I yell at him at the top of my voice. I tell him that it was a Parking Board and challenge him to prove otherwise. And soon, like it always happens it Madras, a crowd – members of the I-want-free-entertainment-club – gathers in front of the police station. More cops rush to his rescue. On learning I’m a journalist, they know they can’t be too nasty. So they invite me inside.
I walk in and bring the roof down. The corrupt cop is summoned in. He admits it was a board that said ‘Parking’ and that my bike was right in front of the board. “Parking is allowed only towards the right of the board, Sir. He had parked it right in front of the board.”
He knew his case was weak. He was soon asked to release the bike. They tried to make peace and I just had one question for them:
What if I wasn’t a reporter?
In another incident a coupla days ago, it was a fight with an autorickshaw driver. He had quoted a price, we negotiated and he finally agreed. A few metres later, he restarted negotiations cribbing about the distance, at which point we put our foot down and said ‘No.’ He said: “Get down then.”
And we did, stopped another auto, almost instantly. He asked for ten bucks for the distance he had brought us. I refused, he had left us stranded in the middle of the road and had the gall to ask for money. He started giving me a strong dose of words straight out of the heartland of Madras – the slums. That was it.
I sent my friends off in the other auto, got back into this one and said: Let’s go to the police station. You picked the wrong guy.
He readily agreed and started the vehicle and I’m thinking: “I just hope he doesn’t take me to some dangerous slum area full of bad guys.”
But soon, I figure, he’s just brought me back to the starting point – GRT Grand Days. And coolly says: “Now walk from here.”
Too bad for him, he didn’t realise there was a police booth bang opposite to the auto-stand. It’s another story that there wasn’t any cop inside it then, but I note down his number, punch the buttons of my phone and give him an ‘I-kill-you-bastard-look’. But then again, the point is, what could you have done if you weren’t a reporter?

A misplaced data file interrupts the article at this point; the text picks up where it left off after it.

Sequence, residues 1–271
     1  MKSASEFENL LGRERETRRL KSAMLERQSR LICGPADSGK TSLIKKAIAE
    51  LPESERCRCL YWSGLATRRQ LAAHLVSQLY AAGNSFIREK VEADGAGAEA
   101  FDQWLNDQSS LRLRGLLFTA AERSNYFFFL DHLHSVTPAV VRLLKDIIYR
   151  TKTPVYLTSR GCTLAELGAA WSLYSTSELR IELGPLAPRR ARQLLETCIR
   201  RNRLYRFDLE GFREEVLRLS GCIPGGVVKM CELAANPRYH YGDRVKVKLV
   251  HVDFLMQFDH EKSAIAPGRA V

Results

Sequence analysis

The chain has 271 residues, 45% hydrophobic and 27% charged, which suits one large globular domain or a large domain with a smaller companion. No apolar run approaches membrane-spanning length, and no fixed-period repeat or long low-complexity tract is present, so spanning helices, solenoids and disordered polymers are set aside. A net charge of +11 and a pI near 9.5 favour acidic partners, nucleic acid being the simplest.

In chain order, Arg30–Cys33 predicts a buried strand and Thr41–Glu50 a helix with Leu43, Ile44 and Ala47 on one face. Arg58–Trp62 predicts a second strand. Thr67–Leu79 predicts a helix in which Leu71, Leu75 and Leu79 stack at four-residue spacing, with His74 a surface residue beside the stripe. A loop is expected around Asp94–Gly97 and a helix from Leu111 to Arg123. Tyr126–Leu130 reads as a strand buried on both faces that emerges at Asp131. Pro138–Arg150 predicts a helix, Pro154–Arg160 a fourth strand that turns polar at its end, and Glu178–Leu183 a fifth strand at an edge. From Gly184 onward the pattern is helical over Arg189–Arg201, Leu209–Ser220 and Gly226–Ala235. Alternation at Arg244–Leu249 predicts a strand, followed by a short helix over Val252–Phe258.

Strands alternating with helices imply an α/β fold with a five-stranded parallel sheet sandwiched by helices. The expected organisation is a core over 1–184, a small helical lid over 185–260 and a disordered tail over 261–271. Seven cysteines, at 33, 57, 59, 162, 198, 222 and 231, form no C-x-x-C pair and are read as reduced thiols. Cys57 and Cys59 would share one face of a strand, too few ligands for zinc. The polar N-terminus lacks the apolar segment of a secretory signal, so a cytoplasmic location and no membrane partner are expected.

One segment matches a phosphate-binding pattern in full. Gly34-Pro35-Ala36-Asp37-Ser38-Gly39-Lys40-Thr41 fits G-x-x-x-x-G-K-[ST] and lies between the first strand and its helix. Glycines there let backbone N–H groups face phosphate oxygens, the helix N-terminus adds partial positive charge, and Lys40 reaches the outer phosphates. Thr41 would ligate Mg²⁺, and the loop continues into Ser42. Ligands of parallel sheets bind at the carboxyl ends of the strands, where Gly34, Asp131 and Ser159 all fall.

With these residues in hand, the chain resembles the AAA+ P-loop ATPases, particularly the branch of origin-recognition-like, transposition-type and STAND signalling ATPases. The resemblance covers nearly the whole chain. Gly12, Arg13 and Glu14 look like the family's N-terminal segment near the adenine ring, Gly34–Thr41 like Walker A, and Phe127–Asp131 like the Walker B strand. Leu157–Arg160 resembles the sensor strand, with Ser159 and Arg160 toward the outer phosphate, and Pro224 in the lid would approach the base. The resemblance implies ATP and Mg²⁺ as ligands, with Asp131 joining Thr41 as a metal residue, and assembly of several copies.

He brought you back to the spot. He isn’t wrong anymore.
In the previous case of the policeman, he had given me back my bike. He wasn’t wrong anymore.
But the point of these stories: What is it that makes us angry?
I think it’s injustice. The untruth. It’s not that we can’t afford to pay ten bucks more than an auto-driver has demanded. Nor is it that we are stingy about to bribe a cop ten-twenty bucks to get the bike back.
We spend 40 bucks on a coffee at Qwikys or Barista. We spend 10 bucks on Parking at Sathyam. We spend ten bucks on a fone call that lasts more than five minutes on a mobile call. Then, why does ten bucks make us angry?
It’s because it’s not reasonable. We know it’s not right. It’s not fair.
I think it’s just human to dislike dishonesty, especially when you are the victim. It’s human to feel strongly about it and raise your voice against it.
Which is why when Amitabh Bachchan as the ‘angry young man’ or Superstar Rajnikant kicked rotten ass in the mid seventies, people cheered, they celebrated. A hero was reflecting public anger and living their fantasy of kicking evil butt. A matinee idol was born.
Cut back to 2004.
Bad asses, hide. For angry young Suderman is all set to roam the roads on his rejuvenated Last Samurai, which is expected back after a complete service and a new look – a freshly-painted shiny black skin with golden Japanese letters that read ‘Last Samurai,’ replacing the original red skin and Samurai logos. He he!